Knowing the popularity of my previous blogs about store interiors – such as Gateshead’s ex-Netto Asda or Newcastle’s Clas Ohlson – I had, incidentally, asked Poundworld head office whether I could take some interior shots of the Redcar Express store. Unfortunately, the apologetic PR people came back with the response that Poundworld “does not allow interior media shots of the stores to be taken unless these are internally carried out”, which seems a bit of a pity, particularly given the paucity of ‘official’ shots. For a value retailer, Poundworld’s store interiors are generally excellent – clean, bright, well stocked, and with very clear instore signage – so, unlike one or two value competitors that shall remain nameless, there’s certainly nothing to hide.
For Middlesbrough, meanwhile, today’s opening is a welcome vote of confidence in the town centre. As one of Middlesbrough’s newest and most appealing shopping centres, with a good location close to Linthorpe Road (the main pedestrianised street) and the bus station, Captain Cook Square has traditionally had a very high occupancy rate. It was rather nobbled, however, by a pair of national retail collapses that had little or nothing to do with Middlesbrough specifically: first the loss of its anchor store, TJ Hughes, in August last year, and then the closure of what was admittedly an overly large and prominent Peacocks – rather like Newcastle’s, an ultimately ill-advised foray into flagship locations.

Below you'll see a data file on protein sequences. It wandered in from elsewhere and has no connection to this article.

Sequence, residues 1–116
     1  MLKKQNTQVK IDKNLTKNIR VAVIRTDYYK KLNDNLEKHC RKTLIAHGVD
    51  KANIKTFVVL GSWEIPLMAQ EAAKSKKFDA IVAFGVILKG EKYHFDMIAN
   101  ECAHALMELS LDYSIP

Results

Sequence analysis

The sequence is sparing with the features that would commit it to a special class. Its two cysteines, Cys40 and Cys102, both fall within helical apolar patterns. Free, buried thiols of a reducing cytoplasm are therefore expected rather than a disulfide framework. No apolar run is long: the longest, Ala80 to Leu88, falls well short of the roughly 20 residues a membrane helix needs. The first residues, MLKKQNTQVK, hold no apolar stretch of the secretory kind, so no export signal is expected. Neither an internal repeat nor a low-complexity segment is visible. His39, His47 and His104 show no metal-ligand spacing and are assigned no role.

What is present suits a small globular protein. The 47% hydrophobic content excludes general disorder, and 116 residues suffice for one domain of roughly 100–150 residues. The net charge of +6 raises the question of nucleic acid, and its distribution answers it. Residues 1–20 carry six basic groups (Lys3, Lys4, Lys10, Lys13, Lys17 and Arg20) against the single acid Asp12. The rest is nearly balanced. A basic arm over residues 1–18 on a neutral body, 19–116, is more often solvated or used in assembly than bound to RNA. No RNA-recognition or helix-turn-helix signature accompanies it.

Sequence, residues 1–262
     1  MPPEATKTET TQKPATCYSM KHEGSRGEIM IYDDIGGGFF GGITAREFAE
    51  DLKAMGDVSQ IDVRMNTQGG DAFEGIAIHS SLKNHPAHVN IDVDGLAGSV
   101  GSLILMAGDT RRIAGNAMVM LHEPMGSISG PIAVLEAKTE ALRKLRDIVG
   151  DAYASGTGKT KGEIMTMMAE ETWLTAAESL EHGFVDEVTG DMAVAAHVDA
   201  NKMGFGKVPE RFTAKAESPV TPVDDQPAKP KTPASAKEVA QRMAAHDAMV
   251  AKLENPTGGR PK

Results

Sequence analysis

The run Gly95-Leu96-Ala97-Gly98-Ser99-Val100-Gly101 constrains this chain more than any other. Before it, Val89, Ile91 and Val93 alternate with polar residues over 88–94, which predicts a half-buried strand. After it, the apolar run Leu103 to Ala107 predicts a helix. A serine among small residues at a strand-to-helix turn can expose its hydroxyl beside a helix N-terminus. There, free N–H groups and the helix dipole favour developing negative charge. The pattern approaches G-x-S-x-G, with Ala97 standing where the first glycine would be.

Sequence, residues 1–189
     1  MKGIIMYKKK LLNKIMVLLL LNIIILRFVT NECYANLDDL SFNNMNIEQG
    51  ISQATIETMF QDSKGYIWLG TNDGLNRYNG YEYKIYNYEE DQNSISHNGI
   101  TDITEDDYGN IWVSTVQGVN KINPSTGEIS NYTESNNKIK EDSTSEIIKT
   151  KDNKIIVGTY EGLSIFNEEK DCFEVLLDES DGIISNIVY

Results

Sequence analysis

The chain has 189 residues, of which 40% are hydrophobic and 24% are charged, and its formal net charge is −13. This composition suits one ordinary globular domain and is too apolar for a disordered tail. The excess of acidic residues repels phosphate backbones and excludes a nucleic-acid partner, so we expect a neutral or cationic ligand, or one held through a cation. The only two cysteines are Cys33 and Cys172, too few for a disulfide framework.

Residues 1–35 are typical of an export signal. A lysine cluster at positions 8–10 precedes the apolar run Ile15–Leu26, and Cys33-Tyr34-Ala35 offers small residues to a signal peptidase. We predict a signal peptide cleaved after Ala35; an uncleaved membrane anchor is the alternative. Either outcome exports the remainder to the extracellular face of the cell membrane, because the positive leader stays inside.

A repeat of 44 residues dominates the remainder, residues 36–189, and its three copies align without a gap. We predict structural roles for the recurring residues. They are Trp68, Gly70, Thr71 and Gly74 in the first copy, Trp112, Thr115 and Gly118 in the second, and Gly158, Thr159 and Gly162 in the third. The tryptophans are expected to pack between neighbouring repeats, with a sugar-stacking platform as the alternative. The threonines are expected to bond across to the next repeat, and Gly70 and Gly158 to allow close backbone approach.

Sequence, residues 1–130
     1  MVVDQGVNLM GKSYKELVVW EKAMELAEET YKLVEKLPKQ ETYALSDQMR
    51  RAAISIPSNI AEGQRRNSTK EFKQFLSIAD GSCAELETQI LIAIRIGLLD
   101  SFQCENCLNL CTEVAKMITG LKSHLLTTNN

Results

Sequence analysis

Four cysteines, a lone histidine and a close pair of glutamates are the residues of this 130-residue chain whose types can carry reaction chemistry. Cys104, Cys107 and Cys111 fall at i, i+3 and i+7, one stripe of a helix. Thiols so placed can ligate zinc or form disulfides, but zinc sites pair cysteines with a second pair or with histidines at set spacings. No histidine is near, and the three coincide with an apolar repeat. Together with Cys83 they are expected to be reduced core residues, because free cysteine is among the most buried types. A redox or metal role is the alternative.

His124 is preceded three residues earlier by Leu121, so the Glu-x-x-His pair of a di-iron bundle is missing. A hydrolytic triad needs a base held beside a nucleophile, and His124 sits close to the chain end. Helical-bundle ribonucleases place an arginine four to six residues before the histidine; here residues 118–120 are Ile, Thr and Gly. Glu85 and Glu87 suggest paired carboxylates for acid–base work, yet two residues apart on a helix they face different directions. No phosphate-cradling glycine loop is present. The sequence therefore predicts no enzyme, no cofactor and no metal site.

With both now reoccupied, however, Middlesbrough is in a much better position than many of the towns and cities that I’ve visited over the last few months. Though I haven’t seen any recent numbers, my impression is that relatively few of TJ Hughes’ large sites have found new occupants yet, with Sunderland, St Helens and Preston all among the empty sites that I’ve recently encountered. Poundland, for example, has snapped up a few ex-TJ’s locations, while Debenhams and Beales (for an outlet store) have taken over the sites in Dumfries and Maidstone respectively. Unsurprisingly, however, there are relatively few retailers with current requirements for stores of this size: either the space is too big, or the likely candidates are represented already.
When I visited three months ago, Middlesbrough’s Metro Outlet seemed to be a bit of a work in progress: confusingly, there was still a TJ Hughes sign around the back, while the inside needed a good vacuuming throughout and a bit of order and structure for the fashion section at the front of the store. Hopefully, as with the original Metrocentre outlet, the store will have settled down and improved with time, as the quality and variety of its furniture and homewares offer does seem very good.
For the moment, however, Middlesbrough should be pleased that retailers are still investing in its town centre: creating jobs, driving footfall, and – perhaps most importantly of all – averting the scourge of the empty shop.